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Moms-to-be can't stomach strangers' urges to touch

Sure, you want to feel the kick of an unborn baby.

Or maybe you just want to show your excitement for a new parent. Or maybe yet, you - the complete stranger - feel you can relate because you've had kids, too.

Whatever your good intentions, beware. Before you reach out your hand to feel the belly of a pregnant woman, consider whether you need that appendage. You might just pull back a stump.

Turns out, most pregnant women don't want you to touch their bellies. In fact, they detest it.

"I get kind of offended," said Sarah Milroy, a 24-year-old mother from Pueblo, Colo. "It's not OK to go up to someone and touch them."

A month ago, a "tall, greasy guy" stopped her in the grocery store to feel her pregnant tummy, she said.

Her reaction?

"I reached out and touched his," Milroy said. "He freaked out."

At any other time, few people would walk up to a stranger and touch her midriff. So why is a pregnant bump a free-for-all?

Legend has it that touching a pregnant woman's belly brings good luck, which could account for why some strangers want to touch, said Mary Coussons-Read, associate professor of psychology at the University of Colorado at Denver and Health Sciences Center.

Humans also feel a connection with pregnant women because the ladies are furthering the circle of life, she said. The perception of that bond can lead some to break the standard 2- to 3-foot personal bubble, Coussons-Read said.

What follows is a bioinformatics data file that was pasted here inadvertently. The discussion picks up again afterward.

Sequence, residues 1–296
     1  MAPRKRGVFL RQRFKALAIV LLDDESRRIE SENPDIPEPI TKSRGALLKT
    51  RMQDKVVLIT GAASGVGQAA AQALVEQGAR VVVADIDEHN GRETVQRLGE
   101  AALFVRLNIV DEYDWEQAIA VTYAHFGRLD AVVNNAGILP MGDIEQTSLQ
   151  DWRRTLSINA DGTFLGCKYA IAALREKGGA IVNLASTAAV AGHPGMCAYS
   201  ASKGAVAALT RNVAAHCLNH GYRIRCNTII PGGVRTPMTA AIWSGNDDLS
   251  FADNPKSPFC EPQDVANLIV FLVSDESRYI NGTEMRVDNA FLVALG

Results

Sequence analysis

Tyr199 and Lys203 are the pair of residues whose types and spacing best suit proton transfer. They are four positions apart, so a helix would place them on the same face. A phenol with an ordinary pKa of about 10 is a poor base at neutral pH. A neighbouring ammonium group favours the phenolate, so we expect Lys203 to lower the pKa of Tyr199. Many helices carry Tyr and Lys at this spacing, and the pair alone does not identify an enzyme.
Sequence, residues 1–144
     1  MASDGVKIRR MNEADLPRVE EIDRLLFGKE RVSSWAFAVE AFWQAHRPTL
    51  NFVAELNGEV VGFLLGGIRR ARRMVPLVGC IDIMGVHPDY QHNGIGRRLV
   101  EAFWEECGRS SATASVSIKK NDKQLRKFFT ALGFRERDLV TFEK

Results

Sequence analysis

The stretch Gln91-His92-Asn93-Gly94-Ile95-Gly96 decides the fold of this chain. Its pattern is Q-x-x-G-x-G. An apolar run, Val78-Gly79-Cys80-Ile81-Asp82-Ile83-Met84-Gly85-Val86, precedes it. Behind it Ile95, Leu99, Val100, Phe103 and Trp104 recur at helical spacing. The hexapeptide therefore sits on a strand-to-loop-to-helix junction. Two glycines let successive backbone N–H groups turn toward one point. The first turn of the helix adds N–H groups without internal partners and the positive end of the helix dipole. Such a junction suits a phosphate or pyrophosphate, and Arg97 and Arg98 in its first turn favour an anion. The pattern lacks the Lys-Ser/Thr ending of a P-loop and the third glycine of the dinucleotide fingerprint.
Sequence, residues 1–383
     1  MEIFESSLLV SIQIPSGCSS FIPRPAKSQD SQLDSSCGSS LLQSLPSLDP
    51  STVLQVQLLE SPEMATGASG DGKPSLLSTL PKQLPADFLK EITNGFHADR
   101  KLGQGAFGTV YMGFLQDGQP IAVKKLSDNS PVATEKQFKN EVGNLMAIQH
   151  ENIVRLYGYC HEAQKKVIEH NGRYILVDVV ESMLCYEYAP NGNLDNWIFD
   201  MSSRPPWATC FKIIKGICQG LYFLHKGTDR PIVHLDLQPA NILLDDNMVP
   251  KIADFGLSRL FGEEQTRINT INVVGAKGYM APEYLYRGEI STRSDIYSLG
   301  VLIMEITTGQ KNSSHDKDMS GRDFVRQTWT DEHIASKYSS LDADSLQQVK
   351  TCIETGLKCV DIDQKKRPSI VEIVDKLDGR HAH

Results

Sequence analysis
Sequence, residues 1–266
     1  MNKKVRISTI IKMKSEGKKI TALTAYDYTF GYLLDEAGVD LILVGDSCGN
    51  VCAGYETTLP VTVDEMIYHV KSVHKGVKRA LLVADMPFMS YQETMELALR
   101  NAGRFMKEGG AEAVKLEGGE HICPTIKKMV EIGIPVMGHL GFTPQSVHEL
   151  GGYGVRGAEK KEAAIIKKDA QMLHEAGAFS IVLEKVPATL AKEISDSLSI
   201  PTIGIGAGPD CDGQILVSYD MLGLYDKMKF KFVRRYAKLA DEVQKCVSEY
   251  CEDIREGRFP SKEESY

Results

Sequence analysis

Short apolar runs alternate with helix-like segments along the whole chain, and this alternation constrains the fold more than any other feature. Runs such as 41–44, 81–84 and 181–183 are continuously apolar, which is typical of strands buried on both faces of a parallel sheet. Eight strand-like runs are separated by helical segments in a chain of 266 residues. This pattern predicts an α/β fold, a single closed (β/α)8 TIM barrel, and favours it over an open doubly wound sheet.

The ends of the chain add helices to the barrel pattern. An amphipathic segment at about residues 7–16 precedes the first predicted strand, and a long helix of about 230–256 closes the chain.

"By the time a woman gets to the point where people are walking up to her on the street and touching her belly, her tummy's pretty big," Coussons-Read said. "It might just be that there's a fascination that there's this person in there."

Most moms, however, aren't feeling that whole "mother to the world" bit. Jenny Van Patten, a 32-year-old mother from Colorado Springs, said strangers touched her belly when she was pregnant with her first child. The most memorable was a grocery store clerk who leaned over the checkout and patted her stomach.

"It just makes me very uncomfortable," Van Patten said. "It's like, `This is my body. Do you mind not touching it, please?'"

While pregnant women perceive their personal space expanding, some see the pregnant belly as an invitation to touch, Coussons-Read said.

"When a woman is really pregnant, it seems like she's asking for you to touch her belly because her belly is very prominent," she said. "Though, that's certainly not the case.

Plus, it's just bad manners, say social-etiquette experts. Pregnant or not, touching a woman's belly is a breech of personal space, said Naomi Poulson, director of The Etiquette School in Dana Point, Calif.

"That's extremely rude," Poulson said. "It's never appropriate. A lot of people don't want to be touched, in general. Just because a woman is pregnant is not a reason to cross that boundary."

Basically, proper social behavior says keep your hands in your pockets. And if you just have to reach out and touch someone's belly, don't expect a warm welcome.

"Some women look upon it as amusing; some of them are shocked," said Kathie Martin, president of The Etiquette School of Birmingham in Alabama. "But they certainly have a right to take that hand and remove it from their stomach."

So, moms-to-be, go ahead and tell that stranger "hands off." Swat away the unwanted touch. And if all else fails, try a T-shirt. Go to cafepress.com for the white maternity T-shirt that makes the message clear: "No Touchie."

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